Royalty and Ruin


Judah’s Amazing Stubbornness

The first years of Jehoiakim’s reign were filled with warnings of approaching doom. All of a sudden a new world power, the Babylonian empire, was rising in the east and swiftly overshadowing Assyria, Egypt, and all other nations. RR 150.1

The king of Babylon was to be the instrument of God’s wrath on unrepenting Judah. Again and again the armies of Nebuchadnezzar would enter Jerusalem. Tens of thousands would be taken captive in forced exile. One after another, Jehoiakim, Jehoiachin, and Zedekiah were to become vassals of the Babylonian ruler, and all in turn were to rebel. Severe punishments would be inflicted on the rebellious nation, until at last Jerusalem would be burned, the temple that Solomon built destroyed, and Judah fall, never again to occupy its former position among the nations. RR 150.2

Through Jeremiah, many messages from Heaven marked those times of change. The Lord gave the children of Judah ample opportunity to free themselves from alliances with Egypt and to avoid controversy with Babylon. Jeremiah taught the people by acted parables, hoping to awaken them to a sense of obligation to God and to encourage them to maintain friendly relations with the Babylonian government. RR 150.3

To illustrate the importance of obedience to God, Jeremiah gathered some Rechabites into the temple and set wine before them. As expected, he met with absolute refusal: “We will drink no wine, for Jonadab the son of Rechab, our father, commanded us, saying, ‘You shall drink no wine, you nor your sons, forever.’” “Then came the word of the Lord to Jeremiah, saying, ‘Thus says the Lord of hosts, ... “The words of Jonadab the son of Rechab, which he commanded his sons, not to drink wine, are performed; for to this day they drink none, and obey their father’s commandment.”’” Jeremiah 35:6, 12-14. But the people of Judah had not obeyed the words of the Lord and were about to suffer severe judgments. RR 150.4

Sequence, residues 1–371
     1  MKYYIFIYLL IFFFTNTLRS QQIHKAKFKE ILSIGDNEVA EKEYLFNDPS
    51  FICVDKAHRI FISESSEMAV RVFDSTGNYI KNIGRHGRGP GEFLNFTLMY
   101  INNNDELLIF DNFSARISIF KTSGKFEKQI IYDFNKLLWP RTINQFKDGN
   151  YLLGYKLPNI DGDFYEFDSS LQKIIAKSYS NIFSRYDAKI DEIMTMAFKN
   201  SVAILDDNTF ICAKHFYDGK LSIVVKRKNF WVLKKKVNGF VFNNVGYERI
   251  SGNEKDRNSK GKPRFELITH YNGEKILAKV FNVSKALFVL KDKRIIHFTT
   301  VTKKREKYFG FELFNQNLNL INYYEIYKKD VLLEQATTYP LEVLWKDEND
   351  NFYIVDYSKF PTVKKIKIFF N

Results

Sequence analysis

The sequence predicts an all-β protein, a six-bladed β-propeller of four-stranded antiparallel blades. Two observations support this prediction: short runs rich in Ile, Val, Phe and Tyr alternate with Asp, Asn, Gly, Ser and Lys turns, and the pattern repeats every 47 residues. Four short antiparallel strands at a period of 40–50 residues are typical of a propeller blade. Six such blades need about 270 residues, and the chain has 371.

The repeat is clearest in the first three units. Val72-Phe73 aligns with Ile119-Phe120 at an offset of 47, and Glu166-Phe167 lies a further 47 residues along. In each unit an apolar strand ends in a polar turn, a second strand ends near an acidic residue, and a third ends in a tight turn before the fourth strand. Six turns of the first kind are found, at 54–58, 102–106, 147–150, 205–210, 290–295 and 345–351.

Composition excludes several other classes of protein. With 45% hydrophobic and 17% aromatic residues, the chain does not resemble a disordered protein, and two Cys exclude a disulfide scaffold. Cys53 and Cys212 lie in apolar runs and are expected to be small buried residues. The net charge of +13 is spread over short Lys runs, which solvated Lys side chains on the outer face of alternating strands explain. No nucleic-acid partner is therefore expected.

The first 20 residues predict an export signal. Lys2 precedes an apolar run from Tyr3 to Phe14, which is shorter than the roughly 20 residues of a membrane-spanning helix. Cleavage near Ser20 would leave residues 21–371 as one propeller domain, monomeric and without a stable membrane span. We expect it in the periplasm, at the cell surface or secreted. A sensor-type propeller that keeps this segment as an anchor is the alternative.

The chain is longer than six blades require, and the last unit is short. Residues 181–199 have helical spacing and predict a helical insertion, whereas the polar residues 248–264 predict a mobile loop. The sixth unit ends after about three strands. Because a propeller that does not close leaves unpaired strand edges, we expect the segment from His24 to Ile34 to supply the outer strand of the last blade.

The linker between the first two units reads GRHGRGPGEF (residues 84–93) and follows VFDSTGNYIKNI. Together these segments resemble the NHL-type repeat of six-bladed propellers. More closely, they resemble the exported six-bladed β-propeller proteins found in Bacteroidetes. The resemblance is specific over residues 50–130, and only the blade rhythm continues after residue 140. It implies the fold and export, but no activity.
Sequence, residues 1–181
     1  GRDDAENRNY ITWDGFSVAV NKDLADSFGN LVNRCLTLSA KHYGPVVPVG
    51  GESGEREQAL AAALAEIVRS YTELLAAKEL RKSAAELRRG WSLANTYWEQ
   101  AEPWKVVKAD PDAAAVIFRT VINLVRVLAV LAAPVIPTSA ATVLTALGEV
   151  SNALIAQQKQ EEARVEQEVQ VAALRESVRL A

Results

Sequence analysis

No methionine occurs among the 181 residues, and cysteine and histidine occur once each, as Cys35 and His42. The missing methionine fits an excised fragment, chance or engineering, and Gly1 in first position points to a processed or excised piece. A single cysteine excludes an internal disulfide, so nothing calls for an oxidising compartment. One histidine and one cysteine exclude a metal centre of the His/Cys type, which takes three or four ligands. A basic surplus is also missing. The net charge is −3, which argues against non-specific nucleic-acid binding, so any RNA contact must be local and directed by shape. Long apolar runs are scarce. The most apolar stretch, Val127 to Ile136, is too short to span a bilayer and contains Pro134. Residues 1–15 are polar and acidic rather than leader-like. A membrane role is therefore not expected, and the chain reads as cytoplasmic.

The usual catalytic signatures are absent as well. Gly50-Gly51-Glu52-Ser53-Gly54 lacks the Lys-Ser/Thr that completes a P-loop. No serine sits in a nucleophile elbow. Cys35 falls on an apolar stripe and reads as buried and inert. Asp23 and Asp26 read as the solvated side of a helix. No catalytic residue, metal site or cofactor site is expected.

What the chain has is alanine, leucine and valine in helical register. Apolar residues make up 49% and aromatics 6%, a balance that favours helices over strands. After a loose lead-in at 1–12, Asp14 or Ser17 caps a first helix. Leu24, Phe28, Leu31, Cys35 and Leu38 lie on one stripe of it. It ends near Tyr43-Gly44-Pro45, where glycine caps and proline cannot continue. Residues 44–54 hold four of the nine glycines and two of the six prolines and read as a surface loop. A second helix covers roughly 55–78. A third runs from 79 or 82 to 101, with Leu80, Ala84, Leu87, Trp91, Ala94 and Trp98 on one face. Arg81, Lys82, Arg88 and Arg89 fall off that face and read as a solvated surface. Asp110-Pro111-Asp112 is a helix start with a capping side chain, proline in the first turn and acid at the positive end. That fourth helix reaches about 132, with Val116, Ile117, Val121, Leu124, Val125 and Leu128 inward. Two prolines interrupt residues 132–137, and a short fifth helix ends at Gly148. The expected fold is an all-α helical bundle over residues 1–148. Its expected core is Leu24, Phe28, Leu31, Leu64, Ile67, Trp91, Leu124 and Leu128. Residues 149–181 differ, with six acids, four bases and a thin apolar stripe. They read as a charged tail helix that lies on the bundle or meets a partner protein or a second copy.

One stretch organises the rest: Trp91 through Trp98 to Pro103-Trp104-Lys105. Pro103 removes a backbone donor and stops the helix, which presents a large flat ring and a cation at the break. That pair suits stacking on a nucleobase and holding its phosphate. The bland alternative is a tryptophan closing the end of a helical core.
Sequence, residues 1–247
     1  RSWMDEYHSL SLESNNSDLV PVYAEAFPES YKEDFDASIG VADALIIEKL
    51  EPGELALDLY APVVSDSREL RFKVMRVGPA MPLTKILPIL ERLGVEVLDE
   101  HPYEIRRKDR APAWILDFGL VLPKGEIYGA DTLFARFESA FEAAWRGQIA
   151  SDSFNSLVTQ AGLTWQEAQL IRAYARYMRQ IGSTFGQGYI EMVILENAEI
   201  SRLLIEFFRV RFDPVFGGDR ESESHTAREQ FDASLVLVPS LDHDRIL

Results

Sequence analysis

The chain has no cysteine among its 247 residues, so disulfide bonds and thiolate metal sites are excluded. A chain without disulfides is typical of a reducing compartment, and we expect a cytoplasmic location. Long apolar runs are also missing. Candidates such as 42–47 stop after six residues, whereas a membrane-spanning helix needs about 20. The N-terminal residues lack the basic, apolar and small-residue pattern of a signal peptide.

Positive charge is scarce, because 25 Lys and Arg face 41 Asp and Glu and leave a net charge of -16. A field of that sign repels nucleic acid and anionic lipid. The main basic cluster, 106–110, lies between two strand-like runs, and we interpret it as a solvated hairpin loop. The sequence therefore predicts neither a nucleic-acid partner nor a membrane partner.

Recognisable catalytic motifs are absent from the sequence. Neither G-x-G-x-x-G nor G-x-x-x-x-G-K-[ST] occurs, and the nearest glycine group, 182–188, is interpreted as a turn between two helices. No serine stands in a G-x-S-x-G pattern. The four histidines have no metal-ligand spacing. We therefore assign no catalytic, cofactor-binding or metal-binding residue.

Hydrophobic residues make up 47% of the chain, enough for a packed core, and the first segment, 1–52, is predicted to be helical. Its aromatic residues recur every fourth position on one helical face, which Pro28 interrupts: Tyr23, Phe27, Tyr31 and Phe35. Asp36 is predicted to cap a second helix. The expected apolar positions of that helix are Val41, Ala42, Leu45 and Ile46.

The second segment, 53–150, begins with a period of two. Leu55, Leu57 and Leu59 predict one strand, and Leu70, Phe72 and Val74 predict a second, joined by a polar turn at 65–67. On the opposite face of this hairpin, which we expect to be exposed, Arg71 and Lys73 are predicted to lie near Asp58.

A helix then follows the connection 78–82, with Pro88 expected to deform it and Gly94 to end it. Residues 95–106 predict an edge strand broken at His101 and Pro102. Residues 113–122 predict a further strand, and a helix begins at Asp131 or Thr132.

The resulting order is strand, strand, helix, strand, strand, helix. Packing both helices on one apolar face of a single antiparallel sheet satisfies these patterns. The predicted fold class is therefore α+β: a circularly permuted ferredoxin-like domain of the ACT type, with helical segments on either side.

The Lord declared, “I have sent to you all My servants the prophets, sending them persistently, saying, ‘Turn now everyone of you from your evil way, and amend your doings, and do not go after other gods to serve them, and then you shall live in the land that I gave to you and your ancestors.’ But you did not incline your ear or obey Me.” “Therefore, ... I am going to bring on Judah and on all the inhabitants of Jerusalem every disaster that I have pronounced against them.” Verses 15, 17, NRSV. RR 150.5

When people turn from correction until their hearts become hardened, the Lord permits them to be led by other influences. Refusing the truth, they accept falsehood that leads to their own destruction. The Chaldeans were to be the instrument by which God would punish His disobedient people. Their sufferings would be proportional to the light they had despised and rejected. God now would bring His displeasure on them as a last effort to stop their evil course. RR 151.1

God pronounced a continued blessing on the Rechabites: “Because you have obeyed the commandment of Jonadab your father, ... ‘Jonadab the son of Rechab shall not lack a man to stand before Me forever.’” Verses 18, 19. The lesson is for us. If the requirements of a wise father were worthy of strict obedience when he took the most effective means to secure his family—present and future—against the evils of intemperance, surely God’s authority should be held in much greater reverence! By His servants He predicts the dangers of disobedience. He sounds the warning and reproves sin. His people are kept in prosperity only by His mercy, through the vigilant watchcare of His chosen instruments. He cannot uphold a people who reject His counsel. RR 151.2